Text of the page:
Thursday, April 30, 2009

Banh Mi Battle! O Sandwiches vs Cafe Nhu Y : Philadelphia

budabudabudabudabuda dummmm. It's a head-to-head battle of banh mi! In one corner, it's O Sandwiches, a more modern, sleek restaurant with prime real estate location (down the street from Pat's and Geno's). And in the other, the quintessential tiny, hole-in-the-wall Cafe Nhu Y.

And like the starkly differing exteriors, the banh mi's offered at these respective restaurants seem to demonstrate contrasting banh mi philosophies.

O Sandwiches seems to be going for the younger crowd with more modern, Western sensibilities:

Special Banh Mi ($2.95)- O Sandwiches sells their baguettes separately and I must say that the baguettes were quite lovely: light, fresh, and with a nice crunch on the outside. The vegetables were noticably fresh, in particular the cucumber, giving the banh mi a very bright taste. In fact, it seemed the only thing that kept this banh mi from lightly floating away, was the addition of pate, which added some depth to the flavors.

One other note, I'm not sure whether this was an anomaly or not, but the jalapeno chile pieces, had a particularly good kick, making adding any hot sauce unnecessary.

Pork & Pate ($2.75) - Like the special, this banh mi was quite light. Flavorwise, the pate played a larger role in the flavor (and the jalapenos didn't have the surprisingly hot kick they did in the special.)

But on the whole, the flavors in this and the special banh mi seemed well-thought out and pleasing to most, except for those looking for more traditional flavors.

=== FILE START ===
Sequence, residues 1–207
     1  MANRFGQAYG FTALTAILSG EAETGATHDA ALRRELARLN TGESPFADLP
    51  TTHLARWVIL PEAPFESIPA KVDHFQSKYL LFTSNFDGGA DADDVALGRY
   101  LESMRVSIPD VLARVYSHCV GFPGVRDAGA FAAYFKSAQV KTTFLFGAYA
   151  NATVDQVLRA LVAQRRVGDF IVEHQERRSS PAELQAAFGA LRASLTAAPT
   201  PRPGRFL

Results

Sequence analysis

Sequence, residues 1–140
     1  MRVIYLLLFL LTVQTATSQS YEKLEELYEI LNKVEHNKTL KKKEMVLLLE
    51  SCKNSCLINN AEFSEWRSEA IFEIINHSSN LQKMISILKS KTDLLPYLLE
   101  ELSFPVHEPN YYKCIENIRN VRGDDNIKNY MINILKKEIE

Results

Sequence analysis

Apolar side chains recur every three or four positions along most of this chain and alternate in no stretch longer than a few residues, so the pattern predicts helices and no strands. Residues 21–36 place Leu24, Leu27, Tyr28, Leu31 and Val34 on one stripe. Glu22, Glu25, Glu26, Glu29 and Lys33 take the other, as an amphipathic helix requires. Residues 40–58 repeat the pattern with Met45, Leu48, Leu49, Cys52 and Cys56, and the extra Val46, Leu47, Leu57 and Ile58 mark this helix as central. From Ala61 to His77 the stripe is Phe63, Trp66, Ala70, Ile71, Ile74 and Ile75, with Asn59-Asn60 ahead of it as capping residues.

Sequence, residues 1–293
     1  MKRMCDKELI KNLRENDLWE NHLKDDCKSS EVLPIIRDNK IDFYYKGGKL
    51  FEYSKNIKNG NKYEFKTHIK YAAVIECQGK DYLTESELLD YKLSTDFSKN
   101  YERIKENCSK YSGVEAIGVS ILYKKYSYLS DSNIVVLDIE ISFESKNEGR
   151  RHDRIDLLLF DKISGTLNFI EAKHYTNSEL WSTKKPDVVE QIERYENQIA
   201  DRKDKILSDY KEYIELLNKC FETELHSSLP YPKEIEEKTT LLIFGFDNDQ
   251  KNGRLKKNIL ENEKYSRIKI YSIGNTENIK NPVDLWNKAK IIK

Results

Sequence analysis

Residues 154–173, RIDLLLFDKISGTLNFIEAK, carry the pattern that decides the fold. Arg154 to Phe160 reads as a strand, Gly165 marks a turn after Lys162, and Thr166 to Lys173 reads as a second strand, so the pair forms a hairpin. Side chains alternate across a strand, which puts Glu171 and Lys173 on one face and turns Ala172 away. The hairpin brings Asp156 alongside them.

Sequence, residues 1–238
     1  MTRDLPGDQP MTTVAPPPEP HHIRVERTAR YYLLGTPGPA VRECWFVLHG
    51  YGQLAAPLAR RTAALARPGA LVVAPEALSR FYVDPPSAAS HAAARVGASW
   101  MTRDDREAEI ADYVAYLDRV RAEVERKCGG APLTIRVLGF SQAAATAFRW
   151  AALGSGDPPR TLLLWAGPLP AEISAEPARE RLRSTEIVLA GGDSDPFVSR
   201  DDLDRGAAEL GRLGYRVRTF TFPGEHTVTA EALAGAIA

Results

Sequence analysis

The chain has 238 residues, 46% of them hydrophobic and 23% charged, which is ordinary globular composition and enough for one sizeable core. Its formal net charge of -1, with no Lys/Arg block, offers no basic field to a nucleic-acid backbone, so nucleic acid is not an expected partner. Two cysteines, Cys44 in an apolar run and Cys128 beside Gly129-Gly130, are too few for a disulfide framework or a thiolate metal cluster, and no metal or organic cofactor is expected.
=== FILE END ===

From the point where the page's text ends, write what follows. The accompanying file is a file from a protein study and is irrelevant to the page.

Cafe Nhu Y - Holy smokes, this place is tiny. I think I've seen closets bigger than this place.

Special Banh Mi (sub $3)- Particularly compared with O Sandwiches bread, this tasted like these buns had been bought at the same places that food truck sandwich places buy their buns. (which granted is decent so far as buns go, but compared to freshly made baguettes, not so much). The meats had a particularly strong salted/pickled almost fish-like flavor that just invoked the smell of some Chinatown grocery stores. That musty flavor of the meats together with the vegetables, which didn't quite have the bright freshness as those in O's special, gave this sandwich a slightly darker flavor. It was certainly interesting, but perhaps not something for everyone.

Shredded Pork (sub $3) - The pork skin add a small tender crunch like super-tender tendons or grilled onions. The meat flavor doesn't hold back - they have salted/pickled flavor (less fishy than those in the special) that just reminds me of some flavors in Chinese ingredients that I just don't find in American or European foods. For some reason, eating this made me wonder whether Cafe Nhu Y served Pho or not.

All in all, I'd be more apt to recommend O Sandwiches, mainly because of the breadth of customers who I suspect would be happy with their banh mi's. Which makes me a little sad, since there's nothing more I like to do than promote a small hole-in-the-wall place. But just for balance and to ease my mind, it does seem like there are fans of Cafe Nhu Y.

O Sandwiches
1205 S. 9th St Philadelphia, PA 19147 (Map)
215-334-6080 | yelp

Cafe Nhu Y
802 Christian St Philadelphia PA 19147 (Map)
($Philadelphia, $Recommended, $Vietnamese, $Sandwiches)

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